Refugees, internally displaced persons and migrants are among the hardest hit due to the Covid-19 pandemic, UN chief Antonio Guterres said, calling on nations to uphold human dignity and respect human rights as travel restrictions and border controls are implemented by governments to control the spread of the virus.
During his new policy brief “Covid-19 and People on the Move”, Secretary General Guterres said Covid-19 continues to devastate lives and livelihoods around the globe — hitting the most vulnerable the hardest.
“This is particularly true for millions of people on the move — such as refugees and internally displaced persons who are forced to flee their homes from violence or disaster, or migrants in precarious situations,” he said.
Guterres said the migrants and those displaced face three crises rolled into one – health, socioeconomic and protection crisis. He, however, noted that the Covid-19 crisis is an “opportunity to re-imagine human mobility.”
He stressed that the international community “must uphold human dignity in the face of the pandemic and learn from the handful of countries that have shown how to implement travel restrictions and border controls while fully respecting human rights and international refugee protection principles.”
The UN Chief said Covid-19 is at first a health crisis and people on the move can be exposed to the virus in crowded conditions where health care, water and sanitation are often hard to find, and physical distancing is “an impossible luxury”.
People on the move also face the socioeconomic crisis, especially those working in the informal economy without access to social protection.
He noted that the loss of income from Covid-19 is likely to lead to a colossal USD 109 billion drop in remittances, the equivalent of nearly three quarters of all official development assistance (ODA) that is no longer being sent back home to the 800 million people who depend on it.
Further, people on the move face a protection crisis as more than 150 countries have imposed border restrictions to contain the spread of the virus and at least 99 countries make no exception for people seeking asylum from persecution.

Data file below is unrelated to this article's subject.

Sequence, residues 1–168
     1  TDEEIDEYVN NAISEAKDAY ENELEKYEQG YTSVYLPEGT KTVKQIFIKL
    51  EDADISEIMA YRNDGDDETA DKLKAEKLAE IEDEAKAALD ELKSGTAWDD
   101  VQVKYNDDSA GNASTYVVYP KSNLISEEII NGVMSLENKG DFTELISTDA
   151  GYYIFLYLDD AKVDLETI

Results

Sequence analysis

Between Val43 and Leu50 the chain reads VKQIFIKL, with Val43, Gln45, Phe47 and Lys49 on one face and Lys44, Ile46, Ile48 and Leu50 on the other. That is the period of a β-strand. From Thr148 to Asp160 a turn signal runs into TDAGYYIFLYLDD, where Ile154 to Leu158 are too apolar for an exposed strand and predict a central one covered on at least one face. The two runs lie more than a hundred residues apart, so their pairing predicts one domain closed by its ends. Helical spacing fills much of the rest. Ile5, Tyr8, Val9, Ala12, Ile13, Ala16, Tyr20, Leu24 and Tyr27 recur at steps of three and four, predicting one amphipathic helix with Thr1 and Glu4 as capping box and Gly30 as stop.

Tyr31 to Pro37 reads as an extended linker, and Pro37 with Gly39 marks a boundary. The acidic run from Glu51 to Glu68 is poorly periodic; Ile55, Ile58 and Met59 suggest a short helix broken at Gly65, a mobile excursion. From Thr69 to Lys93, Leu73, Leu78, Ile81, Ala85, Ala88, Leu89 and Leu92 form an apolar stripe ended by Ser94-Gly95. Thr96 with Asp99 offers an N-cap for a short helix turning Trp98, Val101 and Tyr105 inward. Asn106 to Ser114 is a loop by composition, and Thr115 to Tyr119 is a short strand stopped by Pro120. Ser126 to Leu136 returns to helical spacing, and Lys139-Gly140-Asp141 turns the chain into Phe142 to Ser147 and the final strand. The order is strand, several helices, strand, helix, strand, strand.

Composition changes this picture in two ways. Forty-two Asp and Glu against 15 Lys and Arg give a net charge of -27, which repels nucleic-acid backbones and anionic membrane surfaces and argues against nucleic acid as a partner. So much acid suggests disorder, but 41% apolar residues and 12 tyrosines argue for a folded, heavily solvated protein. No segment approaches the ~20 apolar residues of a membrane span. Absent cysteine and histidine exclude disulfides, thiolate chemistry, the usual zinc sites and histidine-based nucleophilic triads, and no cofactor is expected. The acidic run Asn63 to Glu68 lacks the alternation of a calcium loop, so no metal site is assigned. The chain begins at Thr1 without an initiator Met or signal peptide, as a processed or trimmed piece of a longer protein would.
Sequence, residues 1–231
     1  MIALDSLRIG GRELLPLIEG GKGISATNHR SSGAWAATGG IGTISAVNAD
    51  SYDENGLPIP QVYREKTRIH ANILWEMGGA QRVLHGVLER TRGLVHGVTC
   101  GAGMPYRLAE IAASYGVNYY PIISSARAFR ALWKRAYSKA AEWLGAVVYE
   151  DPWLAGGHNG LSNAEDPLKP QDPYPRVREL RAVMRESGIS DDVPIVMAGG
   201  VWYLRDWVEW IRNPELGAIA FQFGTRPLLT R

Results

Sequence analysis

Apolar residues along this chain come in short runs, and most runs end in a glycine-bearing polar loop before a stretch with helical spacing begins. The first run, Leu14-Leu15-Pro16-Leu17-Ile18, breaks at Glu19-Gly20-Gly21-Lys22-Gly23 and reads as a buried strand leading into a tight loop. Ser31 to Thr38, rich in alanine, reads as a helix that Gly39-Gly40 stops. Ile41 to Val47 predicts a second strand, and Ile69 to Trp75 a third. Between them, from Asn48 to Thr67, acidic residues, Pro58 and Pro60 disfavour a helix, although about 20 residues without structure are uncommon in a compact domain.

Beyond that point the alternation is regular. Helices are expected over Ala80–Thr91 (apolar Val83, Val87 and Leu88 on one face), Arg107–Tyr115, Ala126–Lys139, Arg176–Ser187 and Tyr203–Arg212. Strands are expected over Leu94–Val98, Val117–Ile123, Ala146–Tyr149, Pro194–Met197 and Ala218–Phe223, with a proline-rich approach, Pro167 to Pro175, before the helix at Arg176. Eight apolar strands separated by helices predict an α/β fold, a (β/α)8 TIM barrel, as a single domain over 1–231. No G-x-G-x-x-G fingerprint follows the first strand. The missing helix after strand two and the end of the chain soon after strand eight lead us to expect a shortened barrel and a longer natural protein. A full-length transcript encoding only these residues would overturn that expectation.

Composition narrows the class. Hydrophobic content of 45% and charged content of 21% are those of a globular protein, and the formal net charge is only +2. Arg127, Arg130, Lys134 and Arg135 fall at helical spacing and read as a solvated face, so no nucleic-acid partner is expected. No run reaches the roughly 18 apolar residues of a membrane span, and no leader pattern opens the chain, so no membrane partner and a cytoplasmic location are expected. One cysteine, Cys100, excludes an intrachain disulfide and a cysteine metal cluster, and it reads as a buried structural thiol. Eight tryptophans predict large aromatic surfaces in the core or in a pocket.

“At the same time, fear of Covid-19 has led to skyrocketing xenophobia, racism and stigmatisation. And the already precarious situation of women and girls is ever more dire, as they face higher risks of exposure to gender-based violence, abuse and exploitation,” he said.
Even as refugees and migrants face all these challenges, they are contributing heroically on the front lines in essential work, Guterres said, adding that about 1 in 8 of all nurses globally is practicing in a country different from where they were born.
Guterres said four core understandings must guide the way as human mobility is re-imagined in the wake of the crisis, adding that exclusion is costly and inclusion pays.
“An inclusive public health and socioeconomic response will help suppress the virus, restart our economies and advance the Sustainable Development Goals (SDGs),” the UN chief said.
The UN Chief asserted that no one is safe until everyone is safe and stressed the need for diagnostics, treatment and vaccines to be made accessible to all.
“People on the move are part of the solution. Let us remove unwarranted barriers, explore models to regularise pathways for migrants and reduce transaction costs for remittances,” he said.
“We all have a vested interest to ensure that the responsibility of protecting the world’s refugees is equitably shared and that human mobility remains safe, inclusive, and respects international human rights and refugee law,” Guterres said.
He emphasised that no country can fight the pandemic or manage migration alone but together, the international community can contain the spread of the virus, buffer its impact on the most vulnerable and recover better for the benefit of all.